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Childhood Developmental Milestones and Why They are Important for Brain Development, Socialisation and Learning

Have you ever wondered about the perfect order of things in nature. There is an exact sequence by which things occur, rhythm and development is exquisite, and you understand that there is purpose behind everything.
Take for example a seed. With the right quantities of sunlight, water and nutrients from the soil, this seed will germinate, and out pops the shoot. As it does so, it cleverly knows to grow towards the sunlight. The whole process occurs in a perfect sequence, one essential step followed by the next.

Likewise, there is a perfect order for the development of our children. When these developmental milestones are followed in sequence this primes us up for success. The brain literally is able to wire up in a fashion which supports optimal development for that child.
As happens in nature, when steps are missed or skipped this can skew with optimal development and therefore function.

Our development as humans can be understood as physical, (both gross and fine motor movements) as well as cognitive, emotional and social development.

As humans we are born with a set of primitive reflexes which are designed to ensure our survival in the first few months of life, when we are most vulnerable. How clever is the human body, to equip us with these vital reflexes? For example the ‘rooting reflex’ means a baby will turn its head towards the cheek which is stroked and open its mouth ready for feeding. Obviously, being able to feed is essential to our survival.

As babies develop, these primitive reflexes are integrated and make way for postural reflexes, which are designed to equip the baby with reflexes to support survival as we navigate movement in a gravity based environment. For example the ‘propping reflex’, which develops as the child is able to sit and to stop itself from falling from the sitting position and potentially hurt itself. If a child is knocked when sitting, they will put out a hand to stop themselves from falling.

When we say the primitive reflexes make way for postural reflexes, the brain must be in an optimal and clear state in order for this natural progression to occur. Delayed or retained reflexes can sometimes let us know about how stress in the nervous system is playing out for a child.

Each developmental milestone is met sequentially as the baby becomes more able and mobile, and to ensure its survival and safety in the world. The nerve connections in the brain are ‘wiring up’ as the baby grows and experiences life. This process is called myelination, which makes these new connections permanent and fast. Physically a baby must first be able to hold its head upright against gravity, this is promoted by ‘tummy time’. An excellent nourishment for the brain, which you can hear more about on our podcast here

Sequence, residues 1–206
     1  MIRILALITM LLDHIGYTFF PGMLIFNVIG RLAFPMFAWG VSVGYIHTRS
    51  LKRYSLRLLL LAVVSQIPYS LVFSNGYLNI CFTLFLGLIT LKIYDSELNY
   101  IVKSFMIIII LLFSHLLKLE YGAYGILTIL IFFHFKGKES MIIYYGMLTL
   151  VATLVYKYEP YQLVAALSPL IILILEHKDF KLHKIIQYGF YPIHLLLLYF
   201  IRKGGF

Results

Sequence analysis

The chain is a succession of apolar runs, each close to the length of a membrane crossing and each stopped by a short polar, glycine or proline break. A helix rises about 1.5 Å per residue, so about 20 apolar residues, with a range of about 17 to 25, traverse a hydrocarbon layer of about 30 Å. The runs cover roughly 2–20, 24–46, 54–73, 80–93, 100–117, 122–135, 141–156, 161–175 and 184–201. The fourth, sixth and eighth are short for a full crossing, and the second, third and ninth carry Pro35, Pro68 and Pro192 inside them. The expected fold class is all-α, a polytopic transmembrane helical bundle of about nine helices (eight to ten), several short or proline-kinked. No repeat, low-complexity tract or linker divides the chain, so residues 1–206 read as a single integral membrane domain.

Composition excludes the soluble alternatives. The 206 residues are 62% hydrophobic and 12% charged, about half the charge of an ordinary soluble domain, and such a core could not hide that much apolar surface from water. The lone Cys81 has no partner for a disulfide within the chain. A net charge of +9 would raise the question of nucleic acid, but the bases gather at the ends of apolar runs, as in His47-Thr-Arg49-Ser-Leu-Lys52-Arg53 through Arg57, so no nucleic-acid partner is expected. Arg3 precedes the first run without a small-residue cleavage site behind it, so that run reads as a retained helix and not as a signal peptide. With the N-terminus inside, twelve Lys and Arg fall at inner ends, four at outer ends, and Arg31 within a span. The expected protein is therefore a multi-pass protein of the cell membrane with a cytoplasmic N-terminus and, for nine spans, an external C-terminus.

In order for the next developmental milestone to be met, ideally the previous should be met first. After being able to be safe and strong when lying on the tummy the baby will then be able to start to roll, which is the next step in its development. Once rolling the baby will be shortly be able to sit and then crawl. From crawling, the baby will then pull to stand and start to cruise around furniture, before lastly walking on its own.

Because the brain is designed to sequentially develop, it is important to support our little ones to reach each milestone.

Rather than worry about reaching a milestone at a particular age, it is more important that each milestone is reached in sequence.

For the first three years or so of life the baby will regulate itself via the caregiver. This is a right brain function, we are literally wired in a social way to our primary caregiver, and this is how we learn to navigate our world. We do this through touch, and sound.

It is so remarkable that over the space of the first few years, so much development has occurred, and what we know now is this sequential passage of milestones creates a wonderful foundation for success with future learning and social development in later childhood.

At Advanced Health Chiropractic we work with families, and this care often starts with women in pregnancy. When a baby’s nervous system is working optimally we know that these developmental milestones and the baby’s development in general will be best supported.

Often we will be approached by concerned parents when things may not be tracking as expected.

Subluxations of the spine can interfere with the optimal development and growth of a baby. Signs that subluxation may exist could be a baby who is having difficulty with feeding or latching, an unsettled baby, a baby who is suffering with digestive challenges such as reflux or constipation. If you notice your baby is not able to reach its milestone, or perhaps has skipped a stage, this may indicate there is interference to that nervous system. Sometimes it might show up as a child who is uncomfortable when you are changing it, or when it is in the car seat. If your baby is stiff and rigid to hold, this also can be a sign of subluxation.

When thinking of older children, these little cues may show as an uncoordinated or wobbly child, w-sitting, difficulty with activities such as the monkey bars, or even a strong sensitivity to touch and feelings of clothing tags/socks etc.

Chiropractors can assess for subluxation and perform Insight Scans which help to detect dysfunction in the nervous system.

Like all parents we are interested in supporting your child to thrive and be primed for success in life.

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